This era is like no other in American journalism: People are consuming more news than ever, but they're also far more critical of its purveyors than they've ever been. We remain generally agreed that a free press is democracy's cornerstone, but there's less consensus than ever on what the news media ought to be - or, for that matter, what rapid technological, economic and demographic change will allow it to be.
That makes three sets of little-noticed numbers released last week of more than passing interest.
The first set has to do with the audiences of the three cable news networks. For the first time, CNN's prime-time broadcasts will finish the year in third place, behind Fox and MSNBC among the 25- to 54-year-old viewers advertisers regard as the desirable television audience. To some observers, that seems to suggest that the television news audience increasingly is split along ideological lines. Fox has made itself king of the prime-time ratings hill by programming a slate of right-wing commentators, while MSNBC has set itself up as the progressive alternative. CNN's attempt to play it down the journalistic middle looks like a ratings loser.
So, is the lesson here that most Americans want their news refracted through the sort of forthrightly ideological lens Fox and MSNBC provide? No, and here's why. First of all, the universe of cable news viewers, while growing, remains relatively small. Fox's average prime-time audience increased an impressive 10 percent in 2009, but it still was just 699,000. MSNBC averaged 307,000 viewers and CNN 299,000. (A reasonably sized U.S. newspaper rolls up comparable numbers.) Moreover, over any given 24-hour period in 2009, the average Fox audience was 320,000; CNN had 185,000 viewers and MSNBC 149,000.
What these numbers suggest is that the cable networks attract a relatively small national audience of what might be called "news junkies," who follow events throughout the day and are more likely to be strongly partisan than other Americans. By the time evening rolls around, they're hungry for analysis rather than recycled reportage, and like most Americans today, they prefer interpretation that reinforces their own opinions. The significance of this preference tends to be exaggerated because news junkies include most of the people who write about the media.
Overall, in fact, the cable networks' audience pretty much resembles that of more conventional print and broadcast news organizations in that it's relatively old - and getting older. The average Fox viewer is 64, while a typical CNN watcher is 62 and an MSNBC viewer 59. It's also interesting to note that CNN's determination to position itself as the most traditional of the three cable news operations is paying big dividends in the digital realm, where its Web site is far and away the most frequently visited.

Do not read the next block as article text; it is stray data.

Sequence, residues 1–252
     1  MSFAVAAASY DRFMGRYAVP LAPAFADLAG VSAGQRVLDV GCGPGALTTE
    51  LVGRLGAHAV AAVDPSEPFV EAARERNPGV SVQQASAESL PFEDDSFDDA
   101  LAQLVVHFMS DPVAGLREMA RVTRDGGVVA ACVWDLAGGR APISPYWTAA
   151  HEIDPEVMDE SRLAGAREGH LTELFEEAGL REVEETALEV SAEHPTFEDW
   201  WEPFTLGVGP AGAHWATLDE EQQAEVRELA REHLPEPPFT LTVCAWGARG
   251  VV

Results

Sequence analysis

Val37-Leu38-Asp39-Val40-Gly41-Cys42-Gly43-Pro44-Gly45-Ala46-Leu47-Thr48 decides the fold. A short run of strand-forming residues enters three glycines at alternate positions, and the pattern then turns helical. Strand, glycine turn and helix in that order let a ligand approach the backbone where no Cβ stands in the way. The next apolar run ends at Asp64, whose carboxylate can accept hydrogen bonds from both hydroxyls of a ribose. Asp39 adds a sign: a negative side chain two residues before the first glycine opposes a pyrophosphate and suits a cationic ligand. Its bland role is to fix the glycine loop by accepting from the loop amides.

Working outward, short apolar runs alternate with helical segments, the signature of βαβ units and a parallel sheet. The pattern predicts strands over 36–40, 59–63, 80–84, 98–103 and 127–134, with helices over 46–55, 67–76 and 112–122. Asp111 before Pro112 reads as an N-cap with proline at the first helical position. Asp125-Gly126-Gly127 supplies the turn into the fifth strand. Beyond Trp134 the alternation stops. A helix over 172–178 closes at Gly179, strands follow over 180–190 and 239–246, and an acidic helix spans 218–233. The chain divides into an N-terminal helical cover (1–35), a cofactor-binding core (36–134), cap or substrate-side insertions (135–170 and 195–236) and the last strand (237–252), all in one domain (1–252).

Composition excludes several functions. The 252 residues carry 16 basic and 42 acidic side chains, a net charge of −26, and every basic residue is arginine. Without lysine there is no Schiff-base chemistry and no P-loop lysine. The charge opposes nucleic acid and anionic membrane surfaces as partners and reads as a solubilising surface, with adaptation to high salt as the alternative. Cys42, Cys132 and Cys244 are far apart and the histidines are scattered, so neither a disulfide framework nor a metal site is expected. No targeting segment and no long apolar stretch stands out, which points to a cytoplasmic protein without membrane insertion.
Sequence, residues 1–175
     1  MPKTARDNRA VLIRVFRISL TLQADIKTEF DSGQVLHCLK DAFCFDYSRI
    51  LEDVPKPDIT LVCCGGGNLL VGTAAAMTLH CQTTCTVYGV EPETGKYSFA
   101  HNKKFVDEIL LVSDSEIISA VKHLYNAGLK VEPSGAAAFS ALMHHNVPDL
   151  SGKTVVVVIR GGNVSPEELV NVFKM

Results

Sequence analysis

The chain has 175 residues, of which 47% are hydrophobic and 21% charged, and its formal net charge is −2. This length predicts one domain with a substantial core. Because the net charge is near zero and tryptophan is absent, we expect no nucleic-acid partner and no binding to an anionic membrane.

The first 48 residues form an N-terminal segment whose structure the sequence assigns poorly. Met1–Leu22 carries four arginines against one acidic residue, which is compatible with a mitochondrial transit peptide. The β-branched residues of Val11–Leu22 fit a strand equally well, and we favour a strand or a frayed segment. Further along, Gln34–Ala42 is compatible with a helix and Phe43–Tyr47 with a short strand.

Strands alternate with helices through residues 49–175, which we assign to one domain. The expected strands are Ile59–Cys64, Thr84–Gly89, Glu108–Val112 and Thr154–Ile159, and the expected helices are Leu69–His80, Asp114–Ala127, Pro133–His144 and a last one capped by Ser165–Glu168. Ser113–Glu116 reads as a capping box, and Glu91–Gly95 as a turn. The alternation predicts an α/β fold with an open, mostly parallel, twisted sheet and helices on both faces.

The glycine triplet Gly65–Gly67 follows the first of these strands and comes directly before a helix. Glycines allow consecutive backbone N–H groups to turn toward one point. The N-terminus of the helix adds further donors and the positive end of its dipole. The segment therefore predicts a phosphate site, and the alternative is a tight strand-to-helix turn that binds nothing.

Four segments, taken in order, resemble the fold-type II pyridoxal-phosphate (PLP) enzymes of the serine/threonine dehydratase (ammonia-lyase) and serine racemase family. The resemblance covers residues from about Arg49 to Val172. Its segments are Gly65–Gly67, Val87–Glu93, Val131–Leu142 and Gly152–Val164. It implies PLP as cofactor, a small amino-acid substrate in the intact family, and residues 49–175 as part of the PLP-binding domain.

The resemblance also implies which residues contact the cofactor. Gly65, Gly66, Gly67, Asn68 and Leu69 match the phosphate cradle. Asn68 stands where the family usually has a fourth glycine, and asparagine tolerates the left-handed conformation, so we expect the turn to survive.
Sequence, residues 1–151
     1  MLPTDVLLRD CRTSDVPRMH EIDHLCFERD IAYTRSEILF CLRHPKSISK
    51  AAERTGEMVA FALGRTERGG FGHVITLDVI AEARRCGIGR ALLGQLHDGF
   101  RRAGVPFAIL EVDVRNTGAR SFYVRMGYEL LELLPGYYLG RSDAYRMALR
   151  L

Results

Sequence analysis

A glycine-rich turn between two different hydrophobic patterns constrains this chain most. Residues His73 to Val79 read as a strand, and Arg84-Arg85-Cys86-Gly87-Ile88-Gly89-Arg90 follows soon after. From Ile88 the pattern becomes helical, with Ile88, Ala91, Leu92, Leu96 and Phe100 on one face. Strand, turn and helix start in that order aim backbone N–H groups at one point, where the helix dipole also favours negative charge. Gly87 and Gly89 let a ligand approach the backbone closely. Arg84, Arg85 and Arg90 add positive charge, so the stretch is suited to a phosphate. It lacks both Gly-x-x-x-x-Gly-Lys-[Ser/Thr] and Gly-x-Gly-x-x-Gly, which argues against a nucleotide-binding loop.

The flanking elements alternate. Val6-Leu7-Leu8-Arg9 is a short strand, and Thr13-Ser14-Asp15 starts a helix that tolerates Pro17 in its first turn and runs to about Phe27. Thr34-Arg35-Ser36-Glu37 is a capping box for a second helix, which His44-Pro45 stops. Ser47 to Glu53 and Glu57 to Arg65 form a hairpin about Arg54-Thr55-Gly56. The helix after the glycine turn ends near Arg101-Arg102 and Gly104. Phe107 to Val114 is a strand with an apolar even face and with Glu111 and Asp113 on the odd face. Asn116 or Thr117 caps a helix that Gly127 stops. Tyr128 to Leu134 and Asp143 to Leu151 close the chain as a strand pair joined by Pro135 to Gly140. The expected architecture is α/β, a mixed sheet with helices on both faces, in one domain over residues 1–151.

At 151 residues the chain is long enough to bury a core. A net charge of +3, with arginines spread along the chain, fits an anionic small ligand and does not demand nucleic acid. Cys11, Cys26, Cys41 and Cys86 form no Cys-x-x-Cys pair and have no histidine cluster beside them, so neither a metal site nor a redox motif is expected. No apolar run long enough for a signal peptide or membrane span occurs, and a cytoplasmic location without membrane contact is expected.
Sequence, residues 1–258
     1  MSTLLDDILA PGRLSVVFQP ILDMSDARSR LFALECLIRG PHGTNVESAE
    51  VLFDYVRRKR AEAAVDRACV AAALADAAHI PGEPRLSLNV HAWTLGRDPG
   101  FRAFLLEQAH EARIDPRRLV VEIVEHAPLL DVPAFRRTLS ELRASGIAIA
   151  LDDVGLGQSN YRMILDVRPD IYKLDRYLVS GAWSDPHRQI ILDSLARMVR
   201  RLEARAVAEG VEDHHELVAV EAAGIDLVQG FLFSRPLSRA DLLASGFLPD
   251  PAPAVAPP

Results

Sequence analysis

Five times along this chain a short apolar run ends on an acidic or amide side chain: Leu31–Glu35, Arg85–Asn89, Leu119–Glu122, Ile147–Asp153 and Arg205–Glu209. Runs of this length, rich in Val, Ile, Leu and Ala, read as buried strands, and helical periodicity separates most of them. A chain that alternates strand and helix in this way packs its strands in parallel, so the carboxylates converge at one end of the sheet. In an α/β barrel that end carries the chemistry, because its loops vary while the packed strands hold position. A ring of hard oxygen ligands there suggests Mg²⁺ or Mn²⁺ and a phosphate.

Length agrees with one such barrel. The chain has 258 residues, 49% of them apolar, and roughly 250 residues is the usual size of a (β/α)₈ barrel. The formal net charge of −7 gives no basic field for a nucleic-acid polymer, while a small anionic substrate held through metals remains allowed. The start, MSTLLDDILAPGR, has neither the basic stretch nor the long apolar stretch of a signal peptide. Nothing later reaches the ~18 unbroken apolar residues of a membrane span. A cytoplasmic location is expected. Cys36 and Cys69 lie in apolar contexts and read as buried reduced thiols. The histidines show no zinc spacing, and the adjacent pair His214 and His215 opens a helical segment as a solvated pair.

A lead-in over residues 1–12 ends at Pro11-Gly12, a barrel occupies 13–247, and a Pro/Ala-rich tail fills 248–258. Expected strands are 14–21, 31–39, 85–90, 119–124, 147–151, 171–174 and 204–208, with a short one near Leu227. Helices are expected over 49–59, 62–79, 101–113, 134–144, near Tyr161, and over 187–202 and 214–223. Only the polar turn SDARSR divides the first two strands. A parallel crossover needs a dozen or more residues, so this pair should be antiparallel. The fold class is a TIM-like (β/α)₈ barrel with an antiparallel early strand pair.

That brings us to an even more interesting set of numbers released last week by Scarborough Research, a partnership of the Nielsen and Arbitron ratings services. Its most recent survey found that three out of every four American adults - roughly 171 million people - continue to read the print or online edition of a newspaper each week.
When the survey broke the numbers down into people who continue to read their paper's print edition, the findings were even more striking: In any given week, 84 percent of all American college graduates read a print newspaper, as do 82 percent of all adults with annual household incomes of at least $100,000 and 79 percent of all adults employed in white-collar positions.
Even though Scarborough's data reflected the continuing slow decline in print readership, its senior vice president, Gary Meo, concluded that, "Reports about the pending death of the newspaper industry are greatly exaggerated."
But, unlike CNN, which is backing its bet on traditional, nonpartisan journalism by expanding its news-gathering operations, American newspapers have continued to slash staffs. According to the federal Bureau of Labor Statistics, by the time New Year's Day rolls around, the country's papers will have eliminated another 40,000 jobs, the most in any year on record and twice last year's loss of 21,000. According to the bureau, the total number of American newspaper jobs has declined over the last decade from 424,500 to 284,220. This paper's readers, for example, rely on the efforts of about half as many journalists as 10 years ago.
The Scarborough survey's findings, and the success of CNN's digital news site, suggest a continuing hunger on the part of the best-educated and affluent Americans for what's traditionally been called "straight news." The question now is whether, once the recession recedes, U.S. papers will be in a position to satisfy it.
E-mail Tim Rutten at timothy.rutten(at)latimes.com.
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